|Scientific Name:||Storeria dekayi|
|Species Authority:||(Holbrook, 1842)|
|Taxonomic Notes:||The subspecies victa of peninsular Florida is treated as a species by some authors.|
|Red List Category & Criteria:||Least Concern ver 3.1|
|Assessor(s):||Hammerson, G.A., Mendoza-Quijano, F. & Lee, J.|
Listed as Least Concern in view of its wide distribution, tolerance of a broad range of habitats, presumed large population, and because it is unlikely to be declining fast enough to qualify for listing in a more threatened category.
|Previously published Red List assessments:|
|Range Description:||The species' range extends in North America from southern Maine, southern Quebec, southern Ontario, Michigan, Minnesota, and northeastern South Dakota south to southern Florida (including the Lower Keys, Lazell 1989), the United States Gulf coast, and through eastern and southern Mexico to Veracruz and Oaxaca and from Chiapas to Honduras (Christman 1982). The southern portion of the distribution is more patchy.|
Native:Canada; Guatemala; Honduras; Mexico; United States
|Range Map:||Click here to open the map viewer and explore range.|
|Population:||This species is represented by a very large number (hundreds) of occurrences or subpopulations (see map in Christman 1982). The total adult population size is unknown but undoubtedly far exceeds 100,000. This snake is locally abundant (up to hundreds per hectare) in many areas. Its extent of occurrence, area of occupancy, number of subpopulations, and the population are probably relatively stable.|
|Current Population Trend:||Stable|
|Habitat and Ecology:||This snake occurs in nearly all terrestrial and wetland habitat types in its range, including cities. Habitats in Mexico include cloud forest and tropical deciduous forest. Usually it inhabits moist situations, but it is not an aquatic species. It often occurs under debris or logs; frequently among water hyacinths in Florida. Hibernation sites (often communal) are underground or beneath buildings and other structures.|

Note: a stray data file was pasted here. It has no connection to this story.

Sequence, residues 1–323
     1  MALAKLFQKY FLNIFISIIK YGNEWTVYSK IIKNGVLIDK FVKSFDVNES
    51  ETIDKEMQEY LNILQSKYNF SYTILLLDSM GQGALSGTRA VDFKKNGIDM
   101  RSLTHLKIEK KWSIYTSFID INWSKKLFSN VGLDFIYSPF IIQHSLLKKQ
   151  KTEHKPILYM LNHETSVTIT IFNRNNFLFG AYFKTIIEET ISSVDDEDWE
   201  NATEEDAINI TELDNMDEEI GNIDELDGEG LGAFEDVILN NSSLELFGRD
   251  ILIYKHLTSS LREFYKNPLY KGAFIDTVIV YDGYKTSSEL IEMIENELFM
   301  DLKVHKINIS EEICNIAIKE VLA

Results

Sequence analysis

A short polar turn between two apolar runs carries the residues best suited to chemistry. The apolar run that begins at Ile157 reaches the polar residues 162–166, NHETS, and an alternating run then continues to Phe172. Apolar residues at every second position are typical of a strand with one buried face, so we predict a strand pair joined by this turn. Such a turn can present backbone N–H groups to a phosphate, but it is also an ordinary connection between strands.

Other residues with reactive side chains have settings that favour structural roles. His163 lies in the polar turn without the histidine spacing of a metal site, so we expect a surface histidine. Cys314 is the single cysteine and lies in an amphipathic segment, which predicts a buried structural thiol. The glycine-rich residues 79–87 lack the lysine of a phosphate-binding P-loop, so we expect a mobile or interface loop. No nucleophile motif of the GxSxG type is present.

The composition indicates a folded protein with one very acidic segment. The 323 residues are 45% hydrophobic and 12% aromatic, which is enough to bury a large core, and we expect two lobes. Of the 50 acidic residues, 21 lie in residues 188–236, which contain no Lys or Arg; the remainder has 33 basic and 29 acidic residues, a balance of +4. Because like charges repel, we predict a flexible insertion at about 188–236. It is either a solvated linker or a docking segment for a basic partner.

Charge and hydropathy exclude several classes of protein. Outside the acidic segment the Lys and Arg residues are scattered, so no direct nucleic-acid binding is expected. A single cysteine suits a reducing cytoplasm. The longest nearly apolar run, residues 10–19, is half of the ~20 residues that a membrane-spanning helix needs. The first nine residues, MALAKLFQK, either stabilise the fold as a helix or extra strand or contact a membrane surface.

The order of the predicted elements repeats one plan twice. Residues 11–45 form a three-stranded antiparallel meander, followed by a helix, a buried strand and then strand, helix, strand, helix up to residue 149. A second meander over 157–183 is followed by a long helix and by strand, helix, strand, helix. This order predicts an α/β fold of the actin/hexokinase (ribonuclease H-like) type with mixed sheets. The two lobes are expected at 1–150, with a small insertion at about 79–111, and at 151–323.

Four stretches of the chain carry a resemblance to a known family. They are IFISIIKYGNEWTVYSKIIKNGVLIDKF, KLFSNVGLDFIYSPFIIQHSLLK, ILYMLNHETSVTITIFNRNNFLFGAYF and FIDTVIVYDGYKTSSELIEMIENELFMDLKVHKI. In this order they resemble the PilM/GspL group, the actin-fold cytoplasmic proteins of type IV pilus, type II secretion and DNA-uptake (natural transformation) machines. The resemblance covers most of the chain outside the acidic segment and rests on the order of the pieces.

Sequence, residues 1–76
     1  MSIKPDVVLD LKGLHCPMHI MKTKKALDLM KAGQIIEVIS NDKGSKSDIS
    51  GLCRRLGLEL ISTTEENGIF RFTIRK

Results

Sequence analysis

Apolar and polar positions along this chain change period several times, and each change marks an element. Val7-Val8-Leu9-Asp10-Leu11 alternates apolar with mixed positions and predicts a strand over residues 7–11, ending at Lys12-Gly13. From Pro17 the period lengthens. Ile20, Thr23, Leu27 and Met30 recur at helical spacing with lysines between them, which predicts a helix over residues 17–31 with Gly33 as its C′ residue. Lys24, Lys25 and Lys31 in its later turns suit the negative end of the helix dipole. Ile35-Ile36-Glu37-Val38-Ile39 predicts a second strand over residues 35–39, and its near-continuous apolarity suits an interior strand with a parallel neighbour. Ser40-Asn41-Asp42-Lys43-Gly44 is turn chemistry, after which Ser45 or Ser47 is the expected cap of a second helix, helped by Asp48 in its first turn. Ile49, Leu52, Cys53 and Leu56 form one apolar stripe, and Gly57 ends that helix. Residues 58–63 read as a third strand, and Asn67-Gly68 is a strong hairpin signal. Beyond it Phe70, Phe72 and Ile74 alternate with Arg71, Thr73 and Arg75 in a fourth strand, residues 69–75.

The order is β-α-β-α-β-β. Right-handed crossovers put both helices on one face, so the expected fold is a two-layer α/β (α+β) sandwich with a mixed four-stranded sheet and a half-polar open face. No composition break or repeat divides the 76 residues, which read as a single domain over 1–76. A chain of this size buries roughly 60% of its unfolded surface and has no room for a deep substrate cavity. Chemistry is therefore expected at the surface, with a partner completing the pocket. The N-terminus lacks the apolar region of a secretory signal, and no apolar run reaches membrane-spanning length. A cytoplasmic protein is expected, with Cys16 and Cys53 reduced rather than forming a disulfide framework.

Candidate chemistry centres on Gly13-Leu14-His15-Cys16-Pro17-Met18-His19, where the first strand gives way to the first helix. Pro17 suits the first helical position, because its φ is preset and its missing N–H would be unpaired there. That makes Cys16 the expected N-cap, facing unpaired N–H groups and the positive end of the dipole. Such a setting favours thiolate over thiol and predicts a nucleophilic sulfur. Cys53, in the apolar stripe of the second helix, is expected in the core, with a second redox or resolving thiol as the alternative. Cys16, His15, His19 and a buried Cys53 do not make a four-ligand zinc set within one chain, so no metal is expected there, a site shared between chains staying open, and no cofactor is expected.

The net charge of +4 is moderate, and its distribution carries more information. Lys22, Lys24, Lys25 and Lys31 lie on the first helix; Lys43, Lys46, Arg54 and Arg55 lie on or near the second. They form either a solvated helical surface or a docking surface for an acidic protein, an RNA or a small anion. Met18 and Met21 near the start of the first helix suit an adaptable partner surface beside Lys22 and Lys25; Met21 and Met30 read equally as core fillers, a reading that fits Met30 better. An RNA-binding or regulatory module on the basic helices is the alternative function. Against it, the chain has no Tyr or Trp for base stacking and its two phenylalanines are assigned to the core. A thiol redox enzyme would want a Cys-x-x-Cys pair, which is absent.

|Movement patterns:||Not a Migrant|
|Use and Trade:||
This species is not utilized or traded to any significant degree.
|Major Threat(s):||There are no major threats known for this species. This snake tolerates a high level of habitat disturbance.|
|Conservation Actions:||Many occurrences of this species are in protected areas.|
Campbell, J.A. 1998. Amphibians and Reptiles of Northern Guatemala, the Yucatán and Belize. University of Oklahoma Press, Norman, Oklahoma.
Christman, S.P. 1982. Storeria dekayi. Catalogue of American Amphibians and Reptiles 306: 1-4.
Cook, F.R. 1984. Introduction to Canadian Amphibians and Reptiles. National Museum of Natural Sciences, National Museums of Canada, Ottawa, Ontario.
Dixon, J.R. 1987. Amphibians and Reptiles of Texas. With Keys, Taxonomic Synopses, Bibliography, and Distribution Maps. Texas A & M University Press, College Station, College Station, Texas. xii + 434 pp
Harding, J.H. 1997. Amphibians and Reptiles of the Great Lakes Region. University of Michigan Press, Ann Arbor, Michigan. xvi + 378 pp.
IUCN. 2013. IUCN Red List of Threatened Species (ver. 2013.2). Available at: http://www.iucnredlist.org. (Accessed: 13 November 2013).
Köhler, G. 2003. Reptiles of Central America. Herpeton, Germany.
Lazell Jr., J.D. 1989. Wildlife of the Florida Keys: a Natural History. Island Press, Washington, D.C.
McCranie, J.R. 2011. The Snakes of Honduras: Systematics, Distribution, and Conservation. Society for the Study of Amphibians and Reptiles.
Wilson, L.D., Townsend, J.H. and Johnson, J.D. (eds). 2010. Conservation of Mesoamerican Amphibians and Reptiles. pp. 816. Eagle Mountain Publishing, Eagle Mountain, Utah.
|Citation:||Hammerson, G.A., Mendoza-Quijano, F. & Lee, J. 2013. Storeria dekayi. The IUCN Red List of Threatened Species 2013: e.T63928A3131331.Downloaded on 21 January 2017.|
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